We Take Me Apart begins with an homage to Gertrude Stein and could be read as a reinterpretation of the three-line poem, A Carafe that is a Blind Glass.” This approach is an act of pure courage on Gaudry’s part. Only a brave and talented writer would dare mess with the perfection of Gertrude Stein. Add this offense to your favorite childhood fairytale being reimagined and We Take Me Apart reads like a novella about to implode. And yet, as if by magic, the story holds even as the narrative spins out of control.


9: Wave Books & Rachel Zucker’s Museum of Accidents

I covet the sense of authority with which Wave Books publishes its books. For example, I read poetry on occasion, and when that occasion comes along I read Wave’s books. Why? There titles are so consistently good (Zucker being an prime example,) that I needn’t worry about being disappointed. They’ve become a stage upon which new careers can begin to flourish.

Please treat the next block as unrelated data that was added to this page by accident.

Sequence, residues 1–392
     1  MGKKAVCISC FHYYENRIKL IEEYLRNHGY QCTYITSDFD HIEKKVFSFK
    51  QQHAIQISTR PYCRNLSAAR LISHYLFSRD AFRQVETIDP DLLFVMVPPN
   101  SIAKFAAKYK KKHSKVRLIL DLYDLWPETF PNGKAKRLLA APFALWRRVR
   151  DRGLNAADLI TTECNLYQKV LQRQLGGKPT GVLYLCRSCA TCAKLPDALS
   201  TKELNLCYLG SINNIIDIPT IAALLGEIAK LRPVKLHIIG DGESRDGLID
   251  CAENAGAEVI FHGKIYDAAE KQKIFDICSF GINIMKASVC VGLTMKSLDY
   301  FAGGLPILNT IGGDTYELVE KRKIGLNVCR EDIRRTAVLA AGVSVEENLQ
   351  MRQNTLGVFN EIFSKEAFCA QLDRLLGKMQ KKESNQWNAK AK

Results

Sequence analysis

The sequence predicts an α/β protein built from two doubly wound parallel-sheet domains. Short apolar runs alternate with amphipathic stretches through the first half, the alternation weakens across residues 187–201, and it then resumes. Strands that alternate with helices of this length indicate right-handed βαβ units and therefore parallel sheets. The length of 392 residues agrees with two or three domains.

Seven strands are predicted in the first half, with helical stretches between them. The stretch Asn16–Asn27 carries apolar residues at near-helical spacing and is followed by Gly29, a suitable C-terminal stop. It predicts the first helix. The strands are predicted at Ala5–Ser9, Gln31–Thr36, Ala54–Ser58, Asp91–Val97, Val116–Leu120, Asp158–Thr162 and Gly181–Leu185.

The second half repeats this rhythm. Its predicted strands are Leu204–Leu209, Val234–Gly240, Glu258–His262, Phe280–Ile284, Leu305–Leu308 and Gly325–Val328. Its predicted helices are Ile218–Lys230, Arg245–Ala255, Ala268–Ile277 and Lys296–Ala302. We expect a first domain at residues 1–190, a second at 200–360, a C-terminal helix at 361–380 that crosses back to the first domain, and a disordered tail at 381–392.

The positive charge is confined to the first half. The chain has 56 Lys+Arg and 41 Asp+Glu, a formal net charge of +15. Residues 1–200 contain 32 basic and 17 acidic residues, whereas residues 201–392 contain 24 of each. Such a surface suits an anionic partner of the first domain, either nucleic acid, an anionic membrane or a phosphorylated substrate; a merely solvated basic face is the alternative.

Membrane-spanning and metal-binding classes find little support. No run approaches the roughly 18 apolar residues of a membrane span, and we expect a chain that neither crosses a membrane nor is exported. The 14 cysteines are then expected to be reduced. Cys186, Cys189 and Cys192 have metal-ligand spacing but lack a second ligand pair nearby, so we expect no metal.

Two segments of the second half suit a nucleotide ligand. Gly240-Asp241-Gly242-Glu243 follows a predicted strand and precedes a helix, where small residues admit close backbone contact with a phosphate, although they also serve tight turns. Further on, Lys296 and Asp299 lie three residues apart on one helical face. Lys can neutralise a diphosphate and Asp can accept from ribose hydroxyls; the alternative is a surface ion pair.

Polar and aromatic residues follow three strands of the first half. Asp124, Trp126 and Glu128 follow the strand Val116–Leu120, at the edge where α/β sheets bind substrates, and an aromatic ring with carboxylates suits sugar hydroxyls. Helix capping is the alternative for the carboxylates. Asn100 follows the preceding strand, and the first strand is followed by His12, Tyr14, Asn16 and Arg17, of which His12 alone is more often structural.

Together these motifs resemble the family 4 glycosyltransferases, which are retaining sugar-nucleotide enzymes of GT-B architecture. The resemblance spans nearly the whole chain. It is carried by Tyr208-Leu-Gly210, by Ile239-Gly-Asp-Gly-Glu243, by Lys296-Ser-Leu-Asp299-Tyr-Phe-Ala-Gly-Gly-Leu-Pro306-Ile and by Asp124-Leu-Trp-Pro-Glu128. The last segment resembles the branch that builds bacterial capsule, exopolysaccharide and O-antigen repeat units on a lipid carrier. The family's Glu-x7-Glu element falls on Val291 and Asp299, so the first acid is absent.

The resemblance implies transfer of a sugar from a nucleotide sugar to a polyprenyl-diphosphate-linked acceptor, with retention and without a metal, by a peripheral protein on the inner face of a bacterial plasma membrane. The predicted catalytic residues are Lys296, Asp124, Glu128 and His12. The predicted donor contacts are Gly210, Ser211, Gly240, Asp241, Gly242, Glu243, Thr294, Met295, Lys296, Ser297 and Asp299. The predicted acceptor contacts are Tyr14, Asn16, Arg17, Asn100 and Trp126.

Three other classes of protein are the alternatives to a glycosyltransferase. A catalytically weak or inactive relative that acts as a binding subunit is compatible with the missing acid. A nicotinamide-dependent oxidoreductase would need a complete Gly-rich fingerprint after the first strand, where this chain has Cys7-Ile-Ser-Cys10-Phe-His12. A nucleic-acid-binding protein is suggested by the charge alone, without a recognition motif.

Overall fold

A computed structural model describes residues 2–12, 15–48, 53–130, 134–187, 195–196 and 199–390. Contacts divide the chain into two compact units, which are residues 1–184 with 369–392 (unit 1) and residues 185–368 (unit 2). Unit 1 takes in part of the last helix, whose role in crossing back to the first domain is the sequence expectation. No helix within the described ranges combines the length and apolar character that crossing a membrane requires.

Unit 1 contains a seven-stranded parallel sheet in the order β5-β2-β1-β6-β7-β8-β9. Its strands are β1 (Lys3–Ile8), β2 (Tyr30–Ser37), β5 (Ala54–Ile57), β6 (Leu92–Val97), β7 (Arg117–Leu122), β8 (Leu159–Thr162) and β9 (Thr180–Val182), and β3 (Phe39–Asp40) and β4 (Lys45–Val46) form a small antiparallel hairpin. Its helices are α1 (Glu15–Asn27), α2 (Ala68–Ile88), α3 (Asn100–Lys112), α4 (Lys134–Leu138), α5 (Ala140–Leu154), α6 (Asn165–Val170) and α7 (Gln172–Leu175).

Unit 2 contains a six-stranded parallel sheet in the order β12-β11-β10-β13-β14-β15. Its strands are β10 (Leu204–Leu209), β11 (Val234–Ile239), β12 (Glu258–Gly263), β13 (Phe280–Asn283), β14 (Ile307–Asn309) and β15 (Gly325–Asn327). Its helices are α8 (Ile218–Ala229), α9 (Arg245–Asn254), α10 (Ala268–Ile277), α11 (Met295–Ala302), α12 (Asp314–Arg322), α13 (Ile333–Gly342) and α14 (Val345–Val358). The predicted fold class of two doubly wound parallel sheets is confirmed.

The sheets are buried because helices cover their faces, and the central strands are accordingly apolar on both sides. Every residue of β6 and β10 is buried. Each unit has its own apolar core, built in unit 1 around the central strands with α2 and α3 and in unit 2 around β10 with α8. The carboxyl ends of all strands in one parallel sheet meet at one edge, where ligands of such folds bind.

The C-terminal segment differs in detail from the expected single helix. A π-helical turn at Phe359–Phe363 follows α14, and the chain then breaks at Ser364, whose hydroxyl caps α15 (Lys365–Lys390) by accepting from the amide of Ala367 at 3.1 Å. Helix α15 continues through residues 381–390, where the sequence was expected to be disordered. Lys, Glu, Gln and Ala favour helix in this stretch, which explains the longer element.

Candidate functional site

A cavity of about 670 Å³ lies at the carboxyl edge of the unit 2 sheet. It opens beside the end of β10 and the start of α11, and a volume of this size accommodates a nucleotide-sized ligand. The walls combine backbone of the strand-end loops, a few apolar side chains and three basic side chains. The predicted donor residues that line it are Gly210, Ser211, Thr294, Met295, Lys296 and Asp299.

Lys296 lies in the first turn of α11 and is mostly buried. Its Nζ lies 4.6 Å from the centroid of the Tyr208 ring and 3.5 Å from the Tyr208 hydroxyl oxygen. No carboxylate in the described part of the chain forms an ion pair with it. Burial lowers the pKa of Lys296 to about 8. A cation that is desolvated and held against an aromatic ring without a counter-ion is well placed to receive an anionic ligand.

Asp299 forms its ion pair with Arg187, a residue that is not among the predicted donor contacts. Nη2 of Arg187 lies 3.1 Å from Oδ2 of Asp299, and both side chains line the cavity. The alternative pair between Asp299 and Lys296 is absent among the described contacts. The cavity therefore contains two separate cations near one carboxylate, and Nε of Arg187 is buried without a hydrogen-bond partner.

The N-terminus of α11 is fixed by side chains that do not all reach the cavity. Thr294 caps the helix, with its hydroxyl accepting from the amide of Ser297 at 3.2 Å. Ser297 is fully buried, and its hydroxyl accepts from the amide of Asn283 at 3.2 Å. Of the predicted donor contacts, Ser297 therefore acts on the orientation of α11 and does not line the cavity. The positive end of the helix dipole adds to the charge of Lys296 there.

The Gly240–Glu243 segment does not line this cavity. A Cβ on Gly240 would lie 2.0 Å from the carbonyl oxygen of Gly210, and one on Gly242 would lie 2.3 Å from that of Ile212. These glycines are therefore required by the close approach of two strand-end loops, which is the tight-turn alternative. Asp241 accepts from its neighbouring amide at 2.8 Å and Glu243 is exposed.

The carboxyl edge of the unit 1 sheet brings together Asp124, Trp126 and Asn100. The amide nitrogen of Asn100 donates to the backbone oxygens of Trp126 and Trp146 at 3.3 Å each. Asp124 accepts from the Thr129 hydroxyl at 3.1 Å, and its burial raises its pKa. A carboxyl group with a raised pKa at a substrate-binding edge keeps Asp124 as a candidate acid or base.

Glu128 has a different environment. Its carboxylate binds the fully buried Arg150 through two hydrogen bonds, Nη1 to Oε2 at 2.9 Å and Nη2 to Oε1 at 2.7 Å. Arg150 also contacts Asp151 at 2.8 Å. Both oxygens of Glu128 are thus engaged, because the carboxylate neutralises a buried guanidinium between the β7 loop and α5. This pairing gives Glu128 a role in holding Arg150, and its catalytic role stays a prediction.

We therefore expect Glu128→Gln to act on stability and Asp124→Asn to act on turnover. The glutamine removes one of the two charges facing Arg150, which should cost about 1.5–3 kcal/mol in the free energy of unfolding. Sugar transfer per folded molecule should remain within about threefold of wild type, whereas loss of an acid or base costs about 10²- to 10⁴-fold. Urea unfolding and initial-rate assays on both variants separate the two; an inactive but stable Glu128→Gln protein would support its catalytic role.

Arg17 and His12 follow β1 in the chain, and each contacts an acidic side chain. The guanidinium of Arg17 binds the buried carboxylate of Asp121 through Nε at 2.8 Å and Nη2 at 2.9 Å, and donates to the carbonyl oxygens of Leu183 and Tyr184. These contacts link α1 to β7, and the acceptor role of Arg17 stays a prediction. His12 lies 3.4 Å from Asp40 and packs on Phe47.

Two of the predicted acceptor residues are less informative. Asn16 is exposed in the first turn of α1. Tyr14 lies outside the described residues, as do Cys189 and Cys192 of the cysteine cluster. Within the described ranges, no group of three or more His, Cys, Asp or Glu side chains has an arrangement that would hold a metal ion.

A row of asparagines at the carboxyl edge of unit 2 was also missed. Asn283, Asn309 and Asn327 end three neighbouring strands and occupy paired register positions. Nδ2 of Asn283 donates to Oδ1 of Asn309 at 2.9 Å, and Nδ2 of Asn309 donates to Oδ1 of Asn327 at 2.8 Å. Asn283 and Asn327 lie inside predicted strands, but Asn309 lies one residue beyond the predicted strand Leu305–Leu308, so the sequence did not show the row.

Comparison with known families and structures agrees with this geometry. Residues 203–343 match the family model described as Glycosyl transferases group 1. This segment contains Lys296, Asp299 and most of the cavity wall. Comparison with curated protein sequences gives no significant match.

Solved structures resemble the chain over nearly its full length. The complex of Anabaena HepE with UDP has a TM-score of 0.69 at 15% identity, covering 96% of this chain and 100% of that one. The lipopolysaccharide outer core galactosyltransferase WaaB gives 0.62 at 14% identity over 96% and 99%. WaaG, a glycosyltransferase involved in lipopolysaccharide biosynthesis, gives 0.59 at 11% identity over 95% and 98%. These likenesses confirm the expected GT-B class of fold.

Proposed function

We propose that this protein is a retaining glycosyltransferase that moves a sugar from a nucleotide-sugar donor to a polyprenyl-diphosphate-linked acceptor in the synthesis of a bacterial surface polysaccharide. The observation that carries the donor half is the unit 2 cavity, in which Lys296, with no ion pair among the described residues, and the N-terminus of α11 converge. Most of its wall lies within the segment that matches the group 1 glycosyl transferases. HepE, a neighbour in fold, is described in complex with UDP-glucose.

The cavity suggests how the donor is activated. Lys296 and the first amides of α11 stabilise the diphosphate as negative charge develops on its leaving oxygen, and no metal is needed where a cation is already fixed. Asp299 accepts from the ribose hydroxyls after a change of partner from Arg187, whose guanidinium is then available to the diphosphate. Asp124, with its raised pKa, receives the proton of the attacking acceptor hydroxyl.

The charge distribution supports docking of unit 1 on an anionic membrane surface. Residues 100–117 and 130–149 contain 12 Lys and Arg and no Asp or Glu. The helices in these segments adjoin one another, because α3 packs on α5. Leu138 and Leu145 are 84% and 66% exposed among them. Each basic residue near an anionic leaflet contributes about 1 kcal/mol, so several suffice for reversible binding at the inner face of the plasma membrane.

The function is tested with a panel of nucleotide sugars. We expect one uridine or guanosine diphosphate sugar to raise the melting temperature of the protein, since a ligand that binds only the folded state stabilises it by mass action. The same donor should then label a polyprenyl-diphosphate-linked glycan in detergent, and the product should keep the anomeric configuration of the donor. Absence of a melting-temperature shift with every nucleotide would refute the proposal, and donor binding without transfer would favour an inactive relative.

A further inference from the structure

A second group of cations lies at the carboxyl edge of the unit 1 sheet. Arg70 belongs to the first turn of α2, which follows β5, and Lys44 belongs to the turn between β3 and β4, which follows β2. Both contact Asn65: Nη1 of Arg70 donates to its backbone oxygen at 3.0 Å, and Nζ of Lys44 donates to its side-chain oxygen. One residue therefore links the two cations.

from Publisher’s Weekly:

Zucker’s willingness to put her own pain on display may frighten or even disgust some readers, but most will be grateful to find themselves less alone in their own everyday suffering. This is a book for all who seek what Zucker calls ‘the antidote for despair,’ however elusive it may be.


8: Dzanc Books & Laura van den Berg’s What the World Will Look Like When All the Water Leaves Us

Dzanc is becoming a something of a mini-empire in the indie world, with publications and entities like Best of the Web, Monkeybicycle, The Collagist, Keyhole Press, and Black Lawrence Press under its roof. But even as they grow, they consistently provide a platform for talented and fresh new voices, as is the case with van den Berg.